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      • Fabre A.
      Loss-of-function mutations in UNC45A cause a syndrome associating cholestasis, diarrhea, impaired hearing, and bone fragility.
      Yeast-two-hybrid experiments indicated that UNC45 may interact with the motor domain of Hum2 (the Caenorhabditis elegans orthologue of myosin V).
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      She4p, which is the budding yeast orthologue of UNC45, was shown to interact with type V myosins, and loss of She4p caused the mislocalization of the type V myosin Myo4p in Saccharomyces cerevisiae.
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      She4p/Dim1p interacts with the motor domain of unconventional myosins in the budding yeast, Saccharomyces cerevisiae.
      Furthermore, in the vertebrate zebrafish (Danio rerio), depletion of either intestinal unc45a
      • Esteve C.
      • Francescatto L.
      • Tan P.L.
      • Bourchany A.
      • De Leusse C.
      • Marinier E.
      • Blanchard A.
      • Bourgeois P.
      • Brochier-Armanet C.
      • Bruel A.L.
      • Delarue A.
      • Duffourd Y.
      • Ecochard-Dugelay E.
      • Hery G.
      • Huet F.
      • Gauchez P.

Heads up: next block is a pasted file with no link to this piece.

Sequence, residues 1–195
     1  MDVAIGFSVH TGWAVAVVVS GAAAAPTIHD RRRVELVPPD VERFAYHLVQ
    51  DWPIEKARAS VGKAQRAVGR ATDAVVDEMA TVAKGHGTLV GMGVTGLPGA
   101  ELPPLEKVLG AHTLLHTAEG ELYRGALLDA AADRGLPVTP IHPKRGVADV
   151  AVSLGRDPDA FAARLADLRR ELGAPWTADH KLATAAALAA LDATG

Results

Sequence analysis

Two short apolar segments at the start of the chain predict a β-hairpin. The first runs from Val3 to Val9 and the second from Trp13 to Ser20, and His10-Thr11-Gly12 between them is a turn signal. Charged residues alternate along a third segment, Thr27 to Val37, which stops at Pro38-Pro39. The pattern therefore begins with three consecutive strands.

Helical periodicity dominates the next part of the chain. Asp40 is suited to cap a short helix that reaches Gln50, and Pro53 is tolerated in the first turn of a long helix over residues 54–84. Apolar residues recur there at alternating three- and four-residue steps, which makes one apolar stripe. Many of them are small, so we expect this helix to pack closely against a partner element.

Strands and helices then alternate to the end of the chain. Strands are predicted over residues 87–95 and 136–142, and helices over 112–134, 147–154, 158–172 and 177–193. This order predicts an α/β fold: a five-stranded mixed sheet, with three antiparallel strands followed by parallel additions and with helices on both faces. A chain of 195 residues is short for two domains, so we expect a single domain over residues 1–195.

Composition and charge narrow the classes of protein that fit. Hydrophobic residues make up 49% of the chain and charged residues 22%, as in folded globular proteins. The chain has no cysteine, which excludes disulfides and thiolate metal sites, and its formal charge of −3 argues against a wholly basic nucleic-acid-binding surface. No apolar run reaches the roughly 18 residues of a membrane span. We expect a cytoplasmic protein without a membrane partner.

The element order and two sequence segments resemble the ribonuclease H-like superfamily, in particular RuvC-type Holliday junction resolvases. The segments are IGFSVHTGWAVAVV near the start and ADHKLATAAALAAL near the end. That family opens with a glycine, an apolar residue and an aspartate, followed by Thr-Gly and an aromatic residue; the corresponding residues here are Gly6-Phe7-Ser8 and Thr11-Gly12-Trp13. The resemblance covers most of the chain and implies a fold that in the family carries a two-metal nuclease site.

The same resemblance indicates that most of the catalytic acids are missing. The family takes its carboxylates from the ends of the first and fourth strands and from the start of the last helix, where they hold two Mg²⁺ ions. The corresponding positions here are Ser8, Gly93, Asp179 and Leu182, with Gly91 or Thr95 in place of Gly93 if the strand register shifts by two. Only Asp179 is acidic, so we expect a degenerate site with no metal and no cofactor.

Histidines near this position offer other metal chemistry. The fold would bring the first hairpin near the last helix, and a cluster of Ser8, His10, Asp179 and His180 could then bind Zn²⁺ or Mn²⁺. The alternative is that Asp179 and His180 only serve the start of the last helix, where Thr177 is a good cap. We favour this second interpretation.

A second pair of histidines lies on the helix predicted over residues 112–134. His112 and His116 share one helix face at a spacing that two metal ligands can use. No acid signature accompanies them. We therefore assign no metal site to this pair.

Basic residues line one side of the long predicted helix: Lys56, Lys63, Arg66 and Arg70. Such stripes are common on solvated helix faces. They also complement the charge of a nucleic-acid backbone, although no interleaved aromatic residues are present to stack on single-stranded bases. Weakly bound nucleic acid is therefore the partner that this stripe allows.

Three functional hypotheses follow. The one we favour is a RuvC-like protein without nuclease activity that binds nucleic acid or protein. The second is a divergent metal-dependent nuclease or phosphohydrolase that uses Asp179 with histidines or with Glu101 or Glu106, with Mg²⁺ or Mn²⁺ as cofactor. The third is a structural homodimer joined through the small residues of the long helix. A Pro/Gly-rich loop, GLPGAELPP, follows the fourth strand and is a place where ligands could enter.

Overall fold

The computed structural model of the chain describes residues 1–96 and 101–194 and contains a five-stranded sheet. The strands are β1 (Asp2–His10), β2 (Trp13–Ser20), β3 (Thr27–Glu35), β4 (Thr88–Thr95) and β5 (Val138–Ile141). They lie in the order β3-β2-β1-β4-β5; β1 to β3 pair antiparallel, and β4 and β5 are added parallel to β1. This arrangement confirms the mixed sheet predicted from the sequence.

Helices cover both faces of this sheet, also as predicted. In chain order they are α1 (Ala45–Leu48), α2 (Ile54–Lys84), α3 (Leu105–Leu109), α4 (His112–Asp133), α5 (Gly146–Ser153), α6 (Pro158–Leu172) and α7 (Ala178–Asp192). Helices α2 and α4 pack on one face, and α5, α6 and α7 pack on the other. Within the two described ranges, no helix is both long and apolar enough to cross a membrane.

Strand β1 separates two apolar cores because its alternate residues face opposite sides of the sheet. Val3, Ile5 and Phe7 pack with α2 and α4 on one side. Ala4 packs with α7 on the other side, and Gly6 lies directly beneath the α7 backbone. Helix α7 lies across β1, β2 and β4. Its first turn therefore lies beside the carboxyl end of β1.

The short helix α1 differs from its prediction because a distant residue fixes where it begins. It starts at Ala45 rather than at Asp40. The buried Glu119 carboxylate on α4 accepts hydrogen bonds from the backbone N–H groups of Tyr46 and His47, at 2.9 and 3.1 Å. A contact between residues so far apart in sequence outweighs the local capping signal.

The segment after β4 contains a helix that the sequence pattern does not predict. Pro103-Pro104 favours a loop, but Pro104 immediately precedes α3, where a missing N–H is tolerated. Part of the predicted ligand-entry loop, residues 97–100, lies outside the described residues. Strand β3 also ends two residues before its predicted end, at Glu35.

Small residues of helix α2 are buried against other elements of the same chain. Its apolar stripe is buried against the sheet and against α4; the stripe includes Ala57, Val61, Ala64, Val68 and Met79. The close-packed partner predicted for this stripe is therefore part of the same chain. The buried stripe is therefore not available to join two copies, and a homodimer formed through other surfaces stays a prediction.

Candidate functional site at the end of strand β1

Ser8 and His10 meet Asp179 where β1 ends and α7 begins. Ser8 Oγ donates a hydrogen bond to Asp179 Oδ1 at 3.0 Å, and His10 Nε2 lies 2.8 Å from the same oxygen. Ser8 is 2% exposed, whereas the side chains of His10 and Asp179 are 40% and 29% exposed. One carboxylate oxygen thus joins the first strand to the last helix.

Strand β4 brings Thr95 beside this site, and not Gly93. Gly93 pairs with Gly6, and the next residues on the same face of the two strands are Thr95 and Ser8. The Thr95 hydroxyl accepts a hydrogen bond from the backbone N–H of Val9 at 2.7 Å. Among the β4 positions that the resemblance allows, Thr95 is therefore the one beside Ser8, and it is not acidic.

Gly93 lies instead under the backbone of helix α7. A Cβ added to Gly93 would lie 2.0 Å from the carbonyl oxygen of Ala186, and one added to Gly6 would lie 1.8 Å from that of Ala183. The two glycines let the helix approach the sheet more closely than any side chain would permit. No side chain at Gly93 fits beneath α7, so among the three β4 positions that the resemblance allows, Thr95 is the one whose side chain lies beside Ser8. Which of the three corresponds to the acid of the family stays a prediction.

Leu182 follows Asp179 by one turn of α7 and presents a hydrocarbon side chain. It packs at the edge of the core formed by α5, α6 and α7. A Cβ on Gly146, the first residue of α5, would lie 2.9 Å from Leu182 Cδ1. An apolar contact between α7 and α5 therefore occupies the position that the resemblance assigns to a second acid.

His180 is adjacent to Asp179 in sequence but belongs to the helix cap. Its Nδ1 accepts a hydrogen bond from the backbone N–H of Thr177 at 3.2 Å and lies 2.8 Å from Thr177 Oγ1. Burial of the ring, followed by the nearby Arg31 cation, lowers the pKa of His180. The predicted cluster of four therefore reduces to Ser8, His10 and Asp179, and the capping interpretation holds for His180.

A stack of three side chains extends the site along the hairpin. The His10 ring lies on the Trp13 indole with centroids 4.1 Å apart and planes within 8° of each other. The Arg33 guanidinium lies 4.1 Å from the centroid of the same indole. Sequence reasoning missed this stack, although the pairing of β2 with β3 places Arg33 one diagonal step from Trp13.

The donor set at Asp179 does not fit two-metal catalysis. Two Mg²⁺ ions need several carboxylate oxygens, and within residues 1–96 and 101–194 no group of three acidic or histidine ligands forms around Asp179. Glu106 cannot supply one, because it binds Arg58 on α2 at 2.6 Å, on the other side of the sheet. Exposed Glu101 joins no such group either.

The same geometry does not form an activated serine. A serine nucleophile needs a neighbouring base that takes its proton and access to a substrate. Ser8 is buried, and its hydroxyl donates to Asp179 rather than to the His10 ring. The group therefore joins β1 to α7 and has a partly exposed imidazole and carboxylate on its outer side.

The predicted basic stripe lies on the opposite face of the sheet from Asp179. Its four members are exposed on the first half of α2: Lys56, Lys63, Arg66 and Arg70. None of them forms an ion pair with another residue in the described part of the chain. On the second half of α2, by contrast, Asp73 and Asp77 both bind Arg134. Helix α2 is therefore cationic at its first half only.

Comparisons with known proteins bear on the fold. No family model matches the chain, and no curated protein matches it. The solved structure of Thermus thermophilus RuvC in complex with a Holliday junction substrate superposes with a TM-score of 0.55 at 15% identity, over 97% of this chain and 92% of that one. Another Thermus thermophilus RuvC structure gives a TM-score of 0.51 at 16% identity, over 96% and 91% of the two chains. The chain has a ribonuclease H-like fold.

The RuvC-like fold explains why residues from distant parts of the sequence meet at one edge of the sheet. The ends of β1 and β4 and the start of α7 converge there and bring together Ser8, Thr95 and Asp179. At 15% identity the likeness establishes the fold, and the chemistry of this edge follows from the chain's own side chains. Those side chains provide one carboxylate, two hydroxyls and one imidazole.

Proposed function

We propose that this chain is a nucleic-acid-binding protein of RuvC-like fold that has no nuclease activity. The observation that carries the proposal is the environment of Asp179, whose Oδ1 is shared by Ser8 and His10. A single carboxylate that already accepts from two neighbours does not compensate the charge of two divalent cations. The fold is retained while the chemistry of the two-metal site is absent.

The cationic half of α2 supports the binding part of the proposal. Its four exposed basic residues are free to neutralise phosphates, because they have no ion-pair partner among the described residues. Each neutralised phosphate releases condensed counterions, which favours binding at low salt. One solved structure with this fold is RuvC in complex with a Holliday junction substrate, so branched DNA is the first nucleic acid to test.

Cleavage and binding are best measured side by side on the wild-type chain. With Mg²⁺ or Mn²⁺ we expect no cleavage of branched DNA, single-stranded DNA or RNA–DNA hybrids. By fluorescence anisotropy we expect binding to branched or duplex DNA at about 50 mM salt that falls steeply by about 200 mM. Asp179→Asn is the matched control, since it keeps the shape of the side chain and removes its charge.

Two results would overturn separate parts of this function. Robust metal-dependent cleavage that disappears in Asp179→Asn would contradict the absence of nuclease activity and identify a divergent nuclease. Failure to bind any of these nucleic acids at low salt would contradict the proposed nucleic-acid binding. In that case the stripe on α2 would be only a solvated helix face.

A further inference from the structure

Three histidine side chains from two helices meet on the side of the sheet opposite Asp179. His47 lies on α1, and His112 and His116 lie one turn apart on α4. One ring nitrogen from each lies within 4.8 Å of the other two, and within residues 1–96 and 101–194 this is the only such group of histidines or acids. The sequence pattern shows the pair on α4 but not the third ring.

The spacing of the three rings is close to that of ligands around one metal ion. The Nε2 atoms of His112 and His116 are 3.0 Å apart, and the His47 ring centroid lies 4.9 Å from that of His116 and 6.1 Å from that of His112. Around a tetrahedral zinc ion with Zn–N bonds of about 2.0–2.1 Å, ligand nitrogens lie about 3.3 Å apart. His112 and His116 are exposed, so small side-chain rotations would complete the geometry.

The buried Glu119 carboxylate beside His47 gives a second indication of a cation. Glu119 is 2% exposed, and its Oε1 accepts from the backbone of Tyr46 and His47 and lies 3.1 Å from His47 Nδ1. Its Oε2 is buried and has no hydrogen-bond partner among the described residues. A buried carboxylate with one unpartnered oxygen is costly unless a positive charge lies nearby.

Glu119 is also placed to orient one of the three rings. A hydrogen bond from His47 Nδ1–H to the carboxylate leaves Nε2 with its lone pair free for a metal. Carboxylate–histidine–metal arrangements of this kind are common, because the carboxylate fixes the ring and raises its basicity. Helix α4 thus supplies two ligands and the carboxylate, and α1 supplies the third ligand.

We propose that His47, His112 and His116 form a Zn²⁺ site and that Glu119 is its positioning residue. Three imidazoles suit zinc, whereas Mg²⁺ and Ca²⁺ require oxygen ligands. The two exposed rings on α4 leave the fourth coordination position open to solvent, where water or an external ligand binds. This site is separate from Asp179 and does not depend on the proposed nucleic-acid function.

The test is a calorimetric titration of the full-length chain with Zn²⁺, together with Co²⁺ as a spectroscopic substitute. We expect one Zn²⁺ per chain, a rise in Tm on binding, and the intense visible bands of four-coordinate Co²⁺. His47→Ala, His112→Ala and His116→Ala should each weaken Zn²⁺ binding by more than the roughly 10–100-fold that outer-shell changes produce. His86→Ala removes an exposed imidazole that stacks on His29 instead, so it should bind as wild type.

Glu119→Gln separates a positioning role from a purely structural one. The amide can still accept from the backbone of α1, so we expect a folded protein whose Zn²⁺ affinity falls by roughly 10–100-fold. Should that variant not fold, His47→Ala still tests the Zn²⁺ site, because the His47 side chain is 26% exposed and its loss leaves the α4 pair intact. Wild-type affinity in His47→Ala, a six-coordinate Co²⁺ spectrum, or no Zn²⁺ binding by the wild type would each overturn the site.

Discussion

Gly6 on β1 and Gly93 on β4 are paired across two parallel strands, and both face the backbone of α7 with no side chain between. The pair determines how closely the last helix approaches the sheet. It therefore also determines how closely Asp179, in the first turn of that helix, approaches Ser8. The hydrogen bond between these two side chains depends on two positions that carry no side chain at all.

• Gonzales E.
      • Guettier-Bouttier C.
      • Komuta M.
      • Lacoste C.
      • Maudinas R.
      • Mazodier K.
      • Rimet Y.
      • Rivière J.B.
      • Roquelaure B.
      • Sigaudy S.
      • Stephenne X.
      • Thauvin-Robinet C.
      • Thevenon J.
      • Sarles J.
      • Levy N.
      • Badens C.
      • Goulet O.
      • Hugot J.P.
      • Katsanis N.
      • Faivre L.
      • Fabre A.
      Loss-of-function mutations in UNC45A cause a syndrome associating cholestasis, diarrhea, impaired hearing, and bone fragility.
      or the MYO5B orthologue goosepimples
      • Sidhaye J.
      • Pinto C.S.
      • Dharap S.
      • Jacob T.
      • Bhargava S.
      • Sonawane M.
      The zebrafish goosepimples/myosin Vb mutant exhibits cellular attributes of human microvillus inclusion disease.
      resulted in a defective development of intestinal folds. The overlap in intestine-related symptoms and reported overlap in intestinal tissue abnormalities between O2HE patients and MVID patients may suggest a functional relationship between UNC45A expression and myosin Vb, which thus far has not been studied. Therefore, the aim of this study was to investigate whether a functional link exists between UNC45A and myosin Vb.

      Results

      Loss of UNC45A Caused a Reduction in Myosin Vb Protein Expression

      To investigate a functional relationship between UNC45A and myosin Vb, we used the clustered regularly interspaced short palindromic repeats (CRISPR) and CRISPR-associated protein (Cas)9–based technology to knockout the UNC45A gene in human colon adenocarcinoma Caco-2 cells. Caco-2 cells are widely used model cell lines for the study of intestinal epithelial cell biology and as cell models for inherited congenital diarrheal disorders including MVID.
      • Müller T.
      • Hess M.W.
      • Schiefermeier N.
      • Pfaller K.
      • Ebner H.L.
      • Heinz-Erian P.
      • Ponstingl H.
      • Partsch J.
      • Röllinghoff B.
      • Köhler H.
      • Berger T.
      • Lenhartz H.
      • Schlenck B.
      • Houwen R.J.
      • Taylor C.J.